Daily Archives: 6 October 2007

India Team for 4th and 5th ODIs

The Indian selectors have announced the team for the 4th and 5th ODIs against Australia. It sees only one change to the team that played the first 3 ODIs. Murali Kartik, the left-arm spinner comes in for Romesh Powar.

This, in my view, is a future step into the past!

I accept an argument for a left-armer in the team. We probably need a spin bowler in the middle-overs that can take the ball away from the strong Australian right-handed middle order!

So what is Yuvraj Singh doing in the team then?

I accept that, at 30, Murali Kartik is perhaps a much more developed bowler now than he was a few years back. Why? He may even be the best left-arm-slow bowler in the land. For sometime now, Dilip Vengsarkar, the Chief Selector, has often bemoaned the state of left-arm slow bowling stocks in India. In the past, he and his team of selectors, which includes Venkatapathy Raju in its midst, have shown faith in Rajesh Pawar, the 28-year old Baroda/Mumbai bowler. Indeed, Pawar even went to Bangladesh earlier this year as part of the India team!

In the past few years, India has tried several left-arm-slow bowlers in a desperate bid to revive what has been a thriving art-form in India. In a land that has produced the likes of Bapu Nadkarni, Bishen Bedi, Dilip Doshi, Ravi Shastri, Maninder Singh and even Sunil Joshi and Venkatapathy Raju, the cupboard was thoroughly bare. The reason for Tendulkar’s difficulty with left-armers like Ashley Giles, Daniel Vettori, Paul Harris, Ray Price, et al, has been put down to the fact that India has lost its ability to groom left-arm-slow bowlers.

In the landmark 2001 series against Australia, India tried three left-arm trundlers in the three Tests — Rahul Sanghvi, Venkatapathy Raju and Nilesh Kulkarni (in that order, at Mumbai, Kolkata and Chennai). It did not help that Sourav Ganguly had nothing but contempt for both left-arm-slow bowlers and Murali Kartik! Murali Kartik did play in Australia in 2003, but made a meal of his chances and was forgotten after that.

So, it doesn’t come as a surprise that the search for that elusive leftie continues. However, two questions arise. Why continue this search in a high-powered-ODI series, and that too when the team is 0-2 down to an all-powerful and all-conquering Australian lineup?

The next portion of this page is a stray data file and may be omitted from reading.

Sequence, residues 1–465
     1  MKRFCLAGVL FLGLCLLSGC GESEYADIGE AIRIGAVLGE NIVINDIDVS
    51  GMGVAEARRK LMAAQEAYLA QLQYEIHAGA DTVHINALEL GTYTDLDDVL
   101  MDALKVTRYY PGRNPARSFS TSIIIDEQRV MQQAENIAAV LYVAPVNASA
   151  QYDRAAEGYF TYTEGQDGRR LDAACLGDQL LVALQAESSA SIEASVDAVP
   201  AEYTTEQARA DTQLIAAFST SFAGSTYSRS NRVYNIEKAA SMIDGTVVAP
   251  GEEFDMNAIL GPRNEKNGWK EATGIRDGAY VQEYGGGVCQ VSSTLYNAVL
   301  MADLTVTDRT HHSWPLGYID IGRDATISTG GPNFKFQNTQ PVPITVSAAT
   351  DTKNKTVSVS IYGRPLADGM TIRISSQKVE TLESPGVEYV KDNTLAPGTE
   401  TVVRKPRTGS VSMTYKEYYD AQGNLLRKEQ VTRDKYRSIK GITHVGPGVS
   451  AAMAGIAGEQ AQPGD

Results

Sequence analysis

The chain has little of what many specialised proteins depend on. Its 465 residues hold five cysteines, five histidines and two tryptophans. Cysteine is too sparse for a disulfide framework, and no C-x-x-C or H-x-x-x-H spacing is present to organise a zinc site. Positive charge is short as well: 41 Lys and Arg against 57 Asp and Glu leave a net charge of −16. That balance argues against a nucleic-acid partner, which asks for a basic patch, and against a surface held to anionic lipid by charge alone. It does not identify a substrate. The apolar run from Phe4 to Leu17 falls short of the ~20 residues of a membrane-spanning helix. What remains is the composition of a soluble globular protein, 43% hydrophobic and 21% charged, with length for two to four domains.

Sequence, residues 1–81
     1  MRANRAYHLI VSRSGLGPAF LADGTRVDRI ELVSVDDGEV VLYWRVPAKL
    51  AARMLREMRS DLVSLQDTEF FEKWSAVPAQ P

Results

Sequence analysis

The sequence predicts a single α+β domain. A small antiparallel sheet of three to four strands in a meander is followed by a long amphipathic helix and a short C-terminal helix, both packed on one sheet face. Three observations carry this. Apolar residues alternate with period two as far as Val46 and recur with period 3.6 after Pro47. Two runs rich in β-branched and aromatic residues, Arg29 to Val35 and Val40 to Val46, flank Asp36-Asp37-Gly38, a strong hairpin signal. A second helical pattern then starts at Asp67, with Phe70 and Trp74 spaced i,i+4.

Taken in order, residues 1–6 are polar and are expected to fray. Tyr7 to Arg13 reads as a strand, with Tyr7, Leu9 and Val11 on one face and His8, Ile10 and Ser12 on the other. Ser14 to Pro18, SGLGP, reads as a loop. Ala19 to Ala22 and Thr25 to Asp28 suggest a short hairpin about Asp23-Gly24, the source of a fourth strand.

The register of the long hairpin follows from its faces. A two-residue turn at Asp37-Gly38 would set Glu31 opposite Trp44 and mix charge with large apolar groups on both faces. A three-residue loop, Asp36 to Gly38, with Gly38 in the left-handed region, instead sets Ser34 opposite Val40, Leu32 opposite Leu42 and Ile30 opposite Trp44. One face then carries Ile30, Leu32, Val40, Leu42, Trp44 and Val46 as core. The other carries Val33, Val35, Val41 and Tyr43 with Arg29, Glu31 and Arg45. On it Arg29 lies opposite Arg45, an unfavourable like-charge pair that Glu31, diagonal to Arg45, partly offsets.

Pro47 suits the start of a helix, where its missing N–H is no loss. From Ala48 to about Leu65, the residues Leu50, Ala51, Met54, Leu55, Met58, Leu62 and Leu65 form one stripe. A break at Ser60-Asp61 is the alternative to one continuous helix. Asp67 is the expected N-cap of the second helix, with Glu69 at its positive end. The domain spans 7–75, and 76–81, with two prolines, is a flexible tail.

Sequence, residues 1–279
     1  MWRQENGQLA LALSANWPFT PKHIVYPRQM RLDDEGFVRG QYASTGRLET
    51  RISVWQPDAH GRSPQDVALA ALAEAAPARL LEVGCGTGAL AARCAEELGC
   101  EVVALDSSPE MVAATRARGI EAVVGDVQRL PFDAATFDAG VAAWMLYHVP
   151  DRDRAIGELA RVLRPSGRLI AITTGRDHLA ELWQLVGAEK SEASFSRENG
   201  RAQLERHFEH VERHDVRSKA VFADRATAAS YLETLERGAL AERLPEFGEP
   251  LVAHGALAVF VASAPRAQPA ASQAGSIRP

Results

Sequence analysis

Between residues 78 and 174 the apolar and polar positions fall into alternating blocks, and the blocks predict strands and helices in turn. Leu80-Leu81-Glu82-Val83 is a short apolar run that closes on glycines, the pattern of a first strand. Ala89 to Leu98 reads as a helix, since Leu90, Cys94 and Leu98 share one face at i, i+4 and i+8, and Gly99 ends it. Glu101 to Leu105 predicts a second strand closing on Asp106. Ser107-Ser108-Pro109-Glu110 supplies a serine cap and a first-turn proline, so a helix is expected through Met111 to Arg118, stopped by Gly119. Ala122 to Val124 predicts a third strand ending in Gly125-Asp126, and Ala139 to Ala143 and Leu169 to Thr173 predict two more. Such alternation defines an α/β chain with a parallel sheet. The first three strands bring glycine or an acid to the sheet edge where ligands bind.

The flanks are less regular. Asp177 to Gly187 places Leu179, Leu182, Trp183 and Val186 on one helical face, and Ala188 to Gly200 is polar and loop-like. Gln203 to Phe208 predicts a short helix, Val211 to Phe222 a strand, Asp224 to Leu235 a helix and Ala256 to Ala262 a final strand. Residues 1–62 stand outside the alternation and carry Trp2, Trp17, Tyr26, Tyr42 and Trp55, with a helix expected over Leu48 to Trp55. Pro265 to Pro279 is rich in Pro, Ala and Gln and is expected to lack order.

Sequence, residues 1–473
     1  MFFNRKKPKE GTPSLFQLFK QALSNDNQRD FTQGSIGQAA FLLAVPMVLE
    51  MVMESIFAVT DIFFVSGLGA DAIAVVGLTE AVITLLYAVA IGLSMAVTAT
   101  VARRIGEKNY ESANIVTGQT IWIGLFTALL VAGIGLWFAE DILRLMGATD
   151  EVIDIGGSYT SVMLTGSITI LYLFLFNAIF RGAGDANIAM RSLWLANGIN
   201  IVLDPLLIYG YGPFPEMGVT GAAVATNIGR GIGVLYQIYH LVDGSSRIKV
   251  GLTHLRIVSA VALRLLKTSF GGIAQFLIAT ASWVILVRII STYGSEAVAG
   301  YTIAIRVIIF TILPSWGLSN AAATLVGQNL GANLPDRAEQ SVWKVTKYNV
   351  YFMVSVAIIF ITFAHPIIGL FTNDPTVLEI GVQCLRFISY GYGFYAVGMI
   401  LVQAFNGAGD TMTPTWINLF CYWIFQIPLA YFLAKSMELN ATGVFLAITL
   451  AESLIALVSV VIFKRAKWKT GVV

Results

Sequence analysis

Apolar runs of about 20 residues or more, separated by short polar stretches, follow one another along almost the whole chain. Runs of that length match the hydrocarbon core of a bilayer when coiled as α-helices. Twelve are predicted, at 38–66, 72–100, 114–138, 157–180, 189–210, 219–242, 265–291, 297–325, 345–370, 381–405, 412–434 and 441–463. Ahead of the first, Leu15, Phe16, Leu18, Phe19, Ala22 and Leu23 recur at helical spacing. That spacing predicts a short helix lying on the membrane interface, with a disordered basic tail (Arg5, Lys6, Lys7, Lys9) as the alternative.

Murali Kartik was himself surprised by the call-up! Despite a few successful county stints with Lancashire and Middlesex (this year) — he has been so successful at Middlesex this year that they have, reportedly, already signed him up for next years’ season — he has not been a part of the frame for an India comeback! The selectors have been grooming Pragyan Ojha and Rajesh Pawar instead. Recent representative teams have included Ojha, the Hyderabad left-armer and/or Pawar, the Baroda player. Murali Kartik wasn’t included in recent India-A teams or the RoI team for the Irani Trophy!

Given that scenario, Kartik is currently working as a TV media analyst in the Australia-India series!

Don’t get me wrong. Murali Kartik is, in my view, a good left-arm spinner — perhaps the best in India. But let us remember that this is not a Test series! Do we really think Murali Kartik will get a game? In whose place? And what does his presence do to team-balance? His presence, in my view, upsets balance. Of course, unless he replaces one of the bowlers? Sure, that is possible. But who will he replace? Zaheer Khan? Harbhajan Singh? Sreesanth?

Team balance screams for India to groom allrounders. Blind Freddie will tell you that. Instead of looking to the future to groom “allrounders” like S. Badrinath, Manoj Tiwary — a player who has put his hand up to be considered as an allrounder in recent times — Joginder Sharma or Praveen Kumar, a re-look at a player like Murali Kartik in the ODI framework appears to me to be a throwback to a dull and listless past.

Sure spinners mature late and I have no problem with Kartik playing matches. But ODIs? Especially in an environment where the key area where Team India hurts most — and this should be obvious to anyone following Indian ODIs in recent months — is in the area of team-balance affected by the lack of allrounders.

Ho hum!

— Mohan

India Vs Australia 3rd ODI, Hyderabad, Friday 5 October

India lost again to a skilled and urelenting Australian outfit. This was a clinical performance by the Australians. Unlike the previous two matches, there were some differences in this match though.

Firstly, the clowns from both teams appeared to have left their circus gear as well as their clowning training manual at the team hotel. The mouths of these clowns appeared to have been taped pre-match and the focus was, thankfully, on the cricket!

Second, the Australian team started off well in their batting — Australia has batted first in all three games of this series so far. In the previous two games, Australia started off badly, losing quick early wickets. In last nights’ match, Australia raced off to a breezy and stunning start. From there, India did exceedingly well in the middle-overs to pull things back. The fall of a few wickets did help. And Ricky Pontings’ rustiness helped too. However, in the main, the peg-back was thanks to tight bowling. But the explosion was waiting to happen and it came in the form of Andrew Symonds.

In the end, 290 was a gettable score, although Ricky Ponting in his post-match said that it was difficult to chase in India. However, no batsman other than Yuvraj Singh really made a compelling case on the night. For a brief while, Sachin Tendulkar looked like he wanted to be there — if not threatening to explode. And for a brief while, when Dhoni and Yuvraj Singh were playing, Indian fans may have seen some signs of a victory. But in the end, India just lost to a much better team that had all departments of its game neatly stitched up.

— Mohan